I think moving to a much smaller city (well, I don't think I could actually call Chapel Hill a city with a straight face) will have wonderous effects on our stress levels. There will be no busy streets to cross with all these kids, because...well, people don't cross streets, they drive. The general pace and noise level will of course be totally different. I am looking forward to ice tea and porches swings. I wonder if we will really be able to slow down there, or if we will still find a way to be totally stressed and neurotic. The physiotherapist votes for the former. He always says he doesn't know how someone with my "constitution" can survive in this city.

Have a lovely, stress-free Friday. Get a massage! Go to the sauna! Look at a white wall for 20 minutes! Avoid busy streets and traffic jams! Breathe deeply.

Sunday, December 04, 2005

Flea Market Ramblings

Today I did something I've never done before: set up a stand at a flea market (Mauer Park). I can totally recommend it, if you have things you would like to get rid of among some pretty entertaining punk rock scenery. The best parts of the day were when two friends of mine stopped by to say hello and ask if I needed a coffee and when I saw a Santa Claus with an AC/DC hat walking around. But, the experience was super interesting for its psycho-economical aspects as well.

I learned a lot of really weird things about people and money. For one, people don't know how to respond at a flea market when they ask how much and you say, "Its free. Just take it." This played out over and over. The only people that didn't kind of freak out were children. They would just say, "Cool, thanks, and run off to join their parents." But in most cases, it was like, "Are you joking?" or "Can I at least give you a euro for it?" or "Okay, well, I'll pick a few other things and buy them all together." I tried really hard to unload extra things for free as little "bonus prizes" when someone bought something, but that proved challenging too.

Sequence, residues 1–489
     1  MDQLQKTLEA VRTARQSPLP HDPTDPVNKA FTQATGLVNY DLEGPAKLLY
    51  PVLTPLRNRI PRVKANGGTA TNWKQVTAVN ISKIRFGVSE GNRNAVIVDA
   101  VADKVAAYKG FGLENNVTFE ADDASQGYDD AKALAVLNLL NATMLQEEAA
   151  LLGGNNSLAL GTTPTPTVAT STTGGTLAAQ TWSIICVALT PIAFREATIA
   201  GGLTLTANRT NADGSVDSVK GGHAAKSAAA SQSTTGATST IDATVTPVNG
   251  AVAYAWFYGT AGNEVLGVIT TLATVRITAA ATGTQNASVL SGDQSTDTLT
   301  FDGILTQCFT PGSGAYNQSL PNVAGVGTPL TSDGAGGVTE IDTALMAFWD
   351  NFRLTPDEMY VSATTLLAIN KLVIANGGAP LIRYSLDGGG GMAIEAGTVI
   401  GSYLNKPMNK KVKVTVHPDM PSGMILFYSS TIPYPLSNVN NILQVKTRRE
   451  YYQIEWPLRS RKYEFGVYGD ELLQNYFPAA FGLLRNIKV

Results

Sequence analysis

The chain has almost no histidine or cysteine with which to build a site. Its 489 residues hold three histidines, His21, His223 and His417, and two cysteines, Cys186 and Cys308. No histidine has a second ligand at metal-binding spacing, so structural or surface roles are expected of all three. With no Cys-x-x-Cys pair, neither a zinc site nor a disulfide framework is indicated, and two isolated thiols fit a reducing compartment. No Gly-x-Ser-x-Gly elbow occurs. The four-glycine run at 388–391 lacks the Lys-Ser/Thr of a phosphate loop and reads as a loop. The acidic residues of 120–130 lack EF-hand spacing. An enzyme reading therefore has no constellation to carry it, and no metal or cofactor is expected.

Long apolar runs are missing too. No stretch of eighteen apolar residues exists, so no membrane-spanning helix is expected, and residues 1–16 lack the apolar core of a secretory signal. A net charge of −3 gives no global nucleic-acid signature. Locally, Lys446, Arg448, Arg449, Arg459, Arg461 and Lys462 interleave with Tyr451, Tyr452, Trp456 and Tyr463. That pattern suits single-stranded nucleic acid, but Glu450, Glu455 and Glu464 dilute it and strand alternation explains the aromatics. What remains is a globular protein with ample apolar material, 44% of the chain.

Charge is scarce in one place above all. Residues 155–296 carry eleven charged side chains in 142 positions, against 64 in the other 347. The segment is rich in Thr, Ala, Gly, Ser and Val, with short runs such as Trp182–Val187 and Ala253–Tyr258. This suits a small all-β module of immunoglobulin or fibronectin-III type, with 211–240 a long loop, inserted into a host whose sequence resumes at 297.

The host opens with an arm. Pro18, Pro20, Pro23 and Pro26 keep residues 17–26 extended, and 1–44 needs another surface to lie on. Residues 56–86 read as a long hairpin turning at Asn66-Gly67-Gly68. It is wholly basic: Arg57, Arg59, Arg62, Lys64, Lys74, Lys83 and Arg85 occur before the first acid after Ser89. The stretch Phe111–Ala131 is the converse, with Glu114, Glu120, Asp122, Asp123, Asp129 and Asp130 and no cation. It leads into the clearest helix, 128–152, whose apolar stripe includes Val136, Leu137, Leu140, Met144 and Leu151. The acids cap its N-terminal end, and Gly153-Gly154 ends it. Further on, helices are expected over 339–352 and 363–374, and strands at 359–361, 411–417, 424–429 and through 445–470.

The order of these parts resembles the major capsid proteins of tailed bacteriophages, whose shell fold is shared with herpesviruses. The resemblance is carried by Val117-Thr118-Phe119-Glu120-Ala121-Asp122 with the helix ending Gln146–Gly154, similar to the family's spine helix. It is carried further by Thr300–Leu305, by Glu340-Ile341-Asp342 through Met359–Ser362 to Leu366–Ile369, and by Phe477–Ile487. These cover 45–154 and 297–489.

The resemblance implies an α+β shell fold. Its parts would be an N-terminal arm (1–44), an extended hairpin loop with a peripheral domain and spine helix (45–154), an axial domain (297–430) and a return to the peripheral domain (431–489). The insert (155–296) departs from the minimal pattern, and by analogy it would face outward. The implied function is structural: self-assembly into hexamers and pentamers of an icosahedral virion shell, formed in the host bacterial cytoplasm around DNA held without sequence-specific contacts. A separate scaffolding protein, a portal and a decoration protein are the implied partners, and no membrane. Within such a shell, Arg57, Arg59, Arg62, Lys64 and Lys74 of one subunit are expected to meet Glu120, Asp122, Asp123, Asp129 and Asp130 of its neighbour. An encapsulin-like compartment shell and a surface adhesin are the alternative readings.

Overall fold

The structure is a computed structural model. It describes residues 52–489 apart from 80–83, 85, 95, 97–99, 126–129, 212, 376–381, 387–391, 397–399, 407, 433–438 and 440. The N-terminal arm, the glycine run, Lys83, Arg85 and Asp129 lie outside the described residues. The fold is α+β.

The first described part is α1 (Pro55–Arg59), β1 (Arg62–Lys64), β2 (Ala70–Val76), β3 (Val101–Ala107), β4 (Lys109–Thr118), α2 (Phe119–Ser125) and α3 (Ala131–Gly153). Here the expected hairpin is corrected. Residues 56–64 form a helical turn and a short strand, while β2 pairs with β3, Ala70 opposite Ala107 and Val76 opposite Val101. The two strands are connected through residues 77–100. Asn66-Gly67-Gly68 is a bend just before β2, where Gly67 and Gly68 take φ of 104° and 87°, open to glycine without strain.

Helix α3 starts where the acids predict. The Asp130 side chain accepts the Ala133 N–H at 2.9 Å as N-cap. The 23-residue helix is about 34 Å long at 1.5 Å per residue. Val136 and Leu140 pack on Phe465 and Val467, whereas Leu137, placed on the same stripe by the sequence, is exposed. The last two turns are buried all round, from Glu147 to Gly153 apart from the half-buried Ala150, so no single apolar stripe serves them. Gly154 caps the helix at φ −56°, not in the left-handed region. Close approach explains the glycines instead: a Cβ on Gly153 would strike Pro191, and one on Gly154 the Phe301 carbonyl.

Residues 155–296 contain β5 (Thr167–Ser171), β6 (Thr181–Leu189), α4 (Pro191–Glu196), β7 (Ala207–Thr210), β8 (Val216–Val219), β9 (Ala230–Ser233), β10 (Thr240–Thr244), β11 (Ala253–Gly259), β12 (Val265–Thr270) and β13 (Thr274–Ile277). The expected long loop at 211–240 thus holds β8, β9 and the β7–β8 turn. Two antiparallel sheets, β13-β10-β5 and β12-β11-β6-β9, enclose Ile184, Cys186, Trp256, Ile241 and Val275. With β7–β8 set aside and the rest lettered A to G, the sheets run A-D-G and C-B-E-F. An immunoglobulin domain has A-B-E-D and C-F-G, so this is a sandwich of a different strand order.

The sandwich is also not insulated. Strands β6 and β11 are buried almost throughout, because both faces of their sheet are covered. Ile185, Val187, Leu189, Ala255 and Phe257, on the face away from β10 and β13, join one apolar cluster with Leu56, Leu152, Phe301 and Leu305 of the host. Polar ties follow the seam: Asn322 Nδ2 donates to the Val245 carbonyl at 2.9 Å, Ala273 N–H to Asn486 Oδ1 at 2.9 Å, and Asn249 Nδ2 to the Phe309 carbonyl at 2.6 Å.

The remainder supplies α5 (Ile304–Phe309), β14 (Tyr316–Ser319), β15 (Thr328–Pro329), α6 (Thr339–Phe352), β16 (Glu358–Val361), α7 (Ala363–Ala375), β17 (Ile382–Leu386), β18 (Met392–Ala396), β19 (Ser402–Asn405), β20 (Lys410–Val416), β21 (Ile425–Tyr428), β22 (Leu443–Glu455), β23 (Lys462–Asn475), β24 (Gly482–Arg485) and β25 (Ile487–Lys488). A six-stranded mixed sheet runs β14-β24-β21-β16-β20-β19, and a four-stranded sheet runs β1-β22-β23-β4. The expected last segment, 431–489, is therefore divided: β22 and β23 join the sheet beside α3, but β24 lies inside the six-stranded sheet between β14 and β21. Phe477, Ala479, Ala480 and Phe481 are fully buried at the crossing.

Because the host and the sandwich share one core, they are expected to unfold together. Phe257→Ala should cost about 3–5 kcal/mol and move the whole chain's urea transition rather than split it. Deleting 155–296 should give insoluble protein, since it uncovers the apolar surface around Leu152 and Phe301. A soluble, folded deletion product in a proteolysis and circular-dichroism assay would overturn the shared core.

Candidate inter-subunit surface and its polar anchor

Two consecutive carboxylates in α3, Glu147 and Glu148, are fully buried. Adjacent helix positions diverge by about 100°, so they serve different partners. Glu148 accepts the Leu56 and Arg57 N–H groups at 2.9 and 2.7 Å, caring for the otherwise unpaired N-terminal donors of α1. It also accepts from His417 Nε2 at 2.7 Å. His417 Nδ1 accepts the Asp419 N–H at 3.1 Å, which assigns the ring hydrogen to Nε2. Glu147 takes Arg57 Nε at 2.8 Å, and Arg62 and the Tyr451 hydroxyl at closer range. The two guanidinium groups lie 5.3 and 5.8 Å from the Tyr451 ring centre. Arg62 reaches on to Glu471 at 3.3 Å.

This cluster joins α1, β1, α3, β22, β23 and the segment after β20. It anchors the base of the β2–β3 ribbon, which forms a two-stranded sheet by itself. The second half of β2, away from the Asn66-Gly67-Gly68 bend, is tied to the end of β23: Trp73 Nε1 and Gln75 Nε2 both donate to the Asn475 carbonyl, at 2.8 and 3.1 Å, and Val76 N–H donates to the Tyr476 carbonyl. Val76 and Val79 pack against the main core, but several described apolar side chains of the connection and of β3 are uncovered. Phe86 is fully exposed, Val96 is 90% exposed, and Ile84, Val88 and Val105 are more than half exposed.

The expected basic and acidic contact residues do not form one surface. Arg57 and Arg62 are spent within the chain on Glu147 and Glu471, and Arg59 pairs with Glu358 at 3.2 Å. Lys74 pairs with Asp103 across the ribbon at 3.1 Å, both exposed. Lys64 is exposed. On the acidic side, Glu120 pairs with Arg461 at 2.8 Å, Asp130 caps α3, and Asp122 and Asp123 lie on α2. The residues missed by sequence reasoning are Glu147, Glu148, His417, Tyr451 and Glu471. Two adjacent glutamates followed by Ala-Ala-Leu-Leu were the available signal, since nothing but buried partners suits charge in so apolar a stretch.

Another interesting thing is that if its too cheap, people are immediately suspicious. They think that whatever it was, it must not work (waffle maker, scanner, mixer) or has a hole in it (blow up guitar). But, I really, really did not want to go home with the piles (of shit) I went there with. Therefore, the prices were cheap, dirt cheap.

Third, some people are totally into the flea market thing just for the bargaining process. They aren't interested in what it is or how much it costs. They just want to get you to lower your price and will do anything it takes for that to happen. Take the little basket thingy with lid I sold today. Asking price, 25 cents. The lady only wanted to give me 20 cents and that was firm. Holy flippin' cheapo. Can you imagine? And then there was the guy and the milk shake machine. I said 10, he said, 5, I said 8, he said 6, I said 7, he said no, 6, Í said no 7, and he walked away in a huff. 10 minutes later he comes back. How much? I said 7, he said 6, I said 7. He inspected it, he agonized, he took two, deep, loud breaths. Okay, he finally said. Then I gave it to him for 6. Geesh. Weirdo.